Spinocerebellar ataxia type 3 (SCA3, Machado Joseph Disease) is a progressive neurological disorder (Paulson, 2007a
; Paulson, 2007b
). SCA3 is caused by heterozygous mutations within one allele of the ataxin 3 (ATX3
) gene. The ATX3
gene contains a tract with multiple copies of the trinucleotide CAG. In unaffected individuals, this tract is typically less than 31 repeats. Individuals with 45 to 51 repeats sometimes show symptoms but disease penetrance is incomplete. When greater than 52 repeats are present, there is full penetrance. Patients can have as many as 86 CAG repeats within the mutant allele. Clinical symptoms are affected by repeat size and mean repeat length can vary from 73 to 80 repeats in different patient populations (Sasaki, 1995
The symptoms of SCA3 are severe (Paulson 2007)
. Typically these symptoms begin to be observed in patients over fifty, but are also noted in younger individuals and age of onset correlates with the number of mutant repeats. Patients can have problems with walking, speech, and blurred vision. Symptoms worsen over ten to fifteen years and patients may require wheelchairs or other devices to maintain mobility. The patient’s conditions deteriorate over time and death from pulmonary complications can occur.
One approach to treating SCA3 would be to inhibit ATX3 protein expression, removing the cause of the disease and slowing or preventing its progression. Supporting this conclusion, in a conditional mouse model of SCA3 turning off ATX3 expression early in the disease state yielded a phenotype that was indistinguishable from wild-type mice (Boy et al., 2009
One approach to reducing levels of ATX3 protein is to use duplex RNAs or antisense oligonucleotides complementary to ATX3 mRNA. Researchers have identified antisense oligonucleotides and duplex RNAs targeting mRNAs for huntingtin (HTT) (Huntington’s Disease), ATX3, and other triplet repeat-containing genes (Gonzalez-Alegre and Paulson, 2007
; Denovan-Wright and Davidson 2006
; Scholefield and Wood, 2010
). Other elegant studies using antisense oligonucleotides have shown that blocking the long (>500 repeat) CUG repeat in the DMPK (Myotonic Dystrophy) gene can limit aberrant muscleblind protein binding to the expanded repeat region (Mulders et al., 2009
; Wheeler et al., 2009
Most trinucleotide repeat expansion diseases are autosomal dominant conditions caused by expression of a mutant allele. A key consideration for nucleic acid-based therapy is whether inhibition of both alleles can be achieved without undue toxicity due to reduced expression of wild-type protein. For ATX3, one recent report suggests that inhibiting expression of both the mutant and wild-type alleles did not cause observable toxicity, suggesting that approaches for therapy that reduce expression of both alleles might be feasible (Alves et al., 2010
There is no guarantee, however, that successfully inhibiting both alleles in mice will translate into successful treatments for humans. Preferential inhibition of the mutant allele may be beneficial and allele-selective strategies have the potential for fewer side effects in patients. To achieve allele-selective inhibition, Paulson targeted a duplex RNA to a single-nucleotide polymorphism linked to SCA3 (Miller et al., 2003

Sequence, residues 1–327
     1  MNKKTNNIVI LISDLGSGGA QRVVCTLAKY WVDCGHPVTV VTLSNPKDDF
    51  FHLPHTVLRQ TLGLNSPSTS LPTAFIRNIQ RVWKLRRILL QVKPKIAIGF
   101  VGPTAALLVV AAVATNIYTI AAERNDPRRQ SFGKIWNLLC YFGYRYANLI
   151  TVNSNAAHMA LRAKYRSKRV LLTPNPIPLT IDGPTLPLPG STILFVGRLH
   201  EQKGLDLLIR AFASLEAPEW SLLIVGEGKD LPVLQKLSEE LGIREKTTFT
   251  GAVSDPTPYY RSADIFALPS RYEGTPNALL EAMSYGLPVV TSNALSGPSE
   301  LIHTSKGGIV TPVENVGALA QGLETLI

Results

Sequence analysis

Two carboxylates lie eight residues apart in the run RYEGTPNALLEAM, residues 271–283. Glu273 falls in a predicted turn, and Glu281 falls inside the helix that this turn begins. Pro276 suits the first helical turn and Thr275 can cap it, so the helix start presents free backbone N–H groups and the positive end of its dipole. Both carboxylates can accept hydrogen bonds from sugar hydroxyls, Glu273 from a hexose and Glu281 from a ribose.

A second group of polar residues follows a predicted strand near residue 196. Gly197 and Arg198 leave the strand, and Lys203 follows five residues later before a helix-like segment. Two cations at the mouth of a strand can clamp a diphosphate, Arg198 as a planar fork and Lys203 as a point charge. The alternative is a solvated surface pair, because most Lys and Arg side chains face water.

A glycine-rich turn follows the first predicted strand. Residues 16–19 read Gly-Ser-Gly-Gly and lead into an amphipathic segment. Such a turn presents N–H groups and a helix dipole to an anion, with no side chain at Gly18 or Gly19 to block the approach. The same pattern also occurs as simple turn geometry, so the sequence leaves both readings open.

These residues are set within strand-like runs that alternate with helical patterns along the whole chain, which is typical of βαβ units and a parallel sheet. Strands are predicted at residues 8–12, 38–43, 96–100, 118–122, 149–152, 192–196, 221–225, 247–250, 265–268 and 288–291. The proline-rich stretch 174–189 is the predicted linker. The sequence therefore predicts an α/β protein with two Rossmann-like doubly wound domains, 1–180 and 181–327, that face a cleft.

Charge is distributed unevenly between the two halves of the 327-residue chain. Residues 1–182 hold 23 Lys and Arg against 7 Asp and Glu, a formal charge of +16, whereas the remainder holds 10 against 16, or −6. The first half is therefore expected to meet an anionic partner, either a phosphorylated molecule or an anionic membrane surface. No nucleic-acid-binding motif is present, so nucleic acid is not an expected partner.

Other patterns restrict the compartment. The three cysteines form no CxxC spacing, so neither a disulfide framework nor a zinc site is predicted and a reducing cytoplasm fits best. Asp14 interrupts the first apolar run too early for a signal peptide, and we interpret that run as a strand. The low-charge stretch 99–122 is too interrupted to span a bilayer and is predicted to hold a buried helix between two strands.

). Subsequently, Pereira de Almeida (Alves et al., 2008
) observed that targeting siRNAs to a SNP found in 70 % of patients with SCA3 led to allele-selective inhibition.
A fundamental difference between the wild-type and mutant alleles of all patients is the number of CAG repeats. CAG repeats are known to form hairpin structures when analyzed in cell free systems (Sobczak et al. 2003
; Kiliszek et al., 2010
). In the context of a complete cellular mRNA, these hairpins might differ significantly in structure depending on the number of CAG repeats present. We reasoned that short single-stranded oligomers complementary to CAG repeats might take advantage of differences in RNA structure between wild-type and mutant CAG repeat tracts, selectively recognize the mutant repeat region, and block expression of the mutant protein while leaving expression of the wild-type protein relatively unchanged.
We tested this hypothesis by targeting peptide nucleic acids (PNAs) to CAG repeat tracts in fibroblast cell lines derived from patients with SCA3 and a related triplet expansion disease, Huntington’s Disease (HD) caused by expanded CAG repeats within the huntingtin (HTT
) gene (Hu et al., 2009a
; Hu et al. 2009b
; Hu et al., 2009c
). PNA is a DNA/RNA mimic in which nucleotide bases are linked by an amide backbone (Nielsen et al., 1991
). PNA is known to be able to recognize complementary sequences within structured RNAs (Marin and Armitage, 2005
), making it a promising starting point for studies investigating recognition of CAG hairpins. Anti-CAG PNAs inhibited expression of both mutant genes and did not cause toxicity or affect expression of other cellular genes containing triplet repeats. We subsequently observed that single-stranded oligonucleotides (Hu et al., 2009a
; Gagnon et al., 2010
) and mismatch- containing duplex RNAs (Hu et al., 2010
) could also be allele-selective inhibitors of HTT expression. We now report inhibition of ATX-3 by additional PNA derivatives and by double-stranded RNAs designed to achieve allele-selective inhibition by shifting the mechanism used during RNAi.